Moss-Savage told his wife she wanted to start her own therapy practice in 2015 and focus on grief and loss, recalling her own struggles with her mother’s sudden death. Her spouse reminded her that the loss could include a relationship, a job, a pet, the loss of a body part, or the loss of agency.
“So this is my new thing,” Moss-Savage said. “In 2015, I rebranded to help everyone accept and adjust to life, encompassing all the things you need to navigate on your wellness journey.”
She left Virginia State University to start her own practice, but not for long.
University President Makola Abdullah said earlier this month that when Moss-Savage left, all her work to advance relations with the LGBTQIA+ community at Historically Black College and University ceased, including the student group Rainbow Soul co-led by Moss-Savage.
“I didn’t realize it would happen so quickly,” he said. Abdullah asked Moss-Savage to return as a consultant for a year.
A year turned into four, as Moss-Savage spearheaded the university’s effort to become the first HBCU to hold a Lavender Degree – recognizing the achievements of LGBTQIA+ students – the first to have bathrooms inclusive and the first to have a pronoun of choice initiative.
In 2020, Moss-Savage moved to Connecticut to join her spouse, who had gotten a job at Connecticut College a year earlier. With Moss-Savage’s departure, Virginia State University has hired its first director of diversity, inclusion, and belonging.
President Abdullah promised that Moss-Savage’s work at the university would be long-lasting. This year’s Lavender graduation ceremony on May 2 had a record 12 student attendees. Abdullah paid tribute to Moss-Savage in his remarks.
“His departure was almost an ultimatum for us to get better,” Abdullah said. “I am, and we are, so proud of her, and we owe her a great debt of gratitude.”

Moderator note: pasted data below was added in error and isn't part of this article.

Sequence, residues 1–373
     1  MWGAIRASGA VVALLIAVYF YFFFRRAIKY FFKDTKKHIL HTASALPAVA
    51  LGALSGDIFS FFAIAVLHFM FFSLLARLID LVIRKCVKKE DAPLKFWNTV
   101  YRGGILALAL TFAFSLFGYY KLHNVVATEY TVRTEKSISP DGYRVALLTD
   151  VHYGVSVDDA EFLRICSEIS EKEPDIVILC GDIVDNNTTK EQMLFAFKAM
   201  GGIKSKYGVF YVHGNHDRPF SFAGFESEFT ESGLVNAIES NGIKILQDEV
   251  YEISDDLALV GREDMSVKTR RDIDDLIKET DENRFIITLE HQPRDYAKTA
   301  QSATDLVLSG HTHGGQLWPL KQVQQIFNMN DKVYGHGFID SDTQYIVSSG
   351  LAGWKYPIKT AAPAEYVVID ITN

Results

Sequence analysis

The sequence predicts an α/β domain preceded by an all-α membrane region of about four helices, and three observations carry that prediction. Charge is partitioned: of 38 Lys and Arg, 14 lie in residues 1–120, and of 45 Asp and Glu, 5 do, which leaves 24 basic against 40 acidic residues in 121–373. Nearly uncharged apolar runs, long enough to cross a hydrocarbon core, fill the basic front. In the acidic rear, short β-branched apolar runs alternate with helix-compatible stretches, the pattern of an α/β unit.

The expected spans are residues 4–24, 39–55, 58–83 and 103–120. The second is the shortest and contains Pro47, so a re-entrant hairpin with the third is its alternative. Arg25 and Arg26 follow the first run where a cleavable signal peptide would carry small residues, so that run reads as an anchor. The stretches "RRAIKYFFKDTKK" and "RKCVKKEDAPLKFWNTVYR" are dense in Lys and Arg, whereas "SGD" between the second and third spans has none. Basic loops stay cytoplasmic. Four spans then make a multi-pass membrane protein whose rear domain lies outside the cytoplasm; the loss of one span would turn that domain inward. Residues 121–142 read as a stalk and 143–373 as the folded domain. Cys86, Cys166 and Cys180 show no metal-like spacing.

Now firmly established in New London, though still meeting clients remotely due to COVID-19, Moss-Savage spreads its message of inclusion, authentic self-affirmation and community service.
She joined the New London Rotary, as the only black member at the time. She told the leaders that if they didn’t want the club to disappear, it had to reflect the make-up of the town. Moss-Savage provided inclusion training for the Groton school system and Fitch High School staff.
She points out that LGBTQIA+ people do not “choose a lifestyle” but live their “authentic identity”. Cisgender, Moss-Savage said, means that a person’s brain matches that person’s body parts. As children grow, they may realize that their true identity does not match their body.
“It’s not a choice who I love,” Moss-Savage said. “If I had to choose something, why would I choose not being able to publicly show my affection without fear of being hurt? Why would I choose not being able to speak openly about my spouse? Why would I choose having to check to my spouse and say, “Can he use your name in the paper?” without fear of backfire from someone else? It’s so much easier to be straight.
Moss-Savage is the interim president of OutCT, an advocacy group for the LGBTQIA+ community. The group has a new office in the Dewart building and organizes programs to help the area welcome people of varied identities and backgrounds.
OutCT held its first one-day mental health and wellbeing symposium, “Piece of Mind”, at Three Rivers Community College in Norwich on April 29. The event focused on emotional health, spiritual health, social health, physical health, sexual health and mental health.
Alycia Ziegler, director of student activities at Three Rivers and board member of OutCT, called the symposium a Moss-Savage brainchild. Over 100 faculty, staff and students from Three Rivers attended, along with members of the community. OutCT hopes to make this an annual event.
“Hopefully with Chevelle’s leadership, we can host more community events that give back to Southeast Connecticut,” Ziegler said, “more events that give back to the LGBTQIA+ community and events that affect our community.”
OutCT board members, left to right, Kia Baird, Dale Rodgers, Aurora Bowen, Cecil Carter and Chevelle Moss-Savage laugh after posing for a photo on the red carpet during the Oscar Extravaganza of the organization on Sunday, March 27, 2022 at Mystic Luxury Cinemas. (Sarah Gordon/The Day)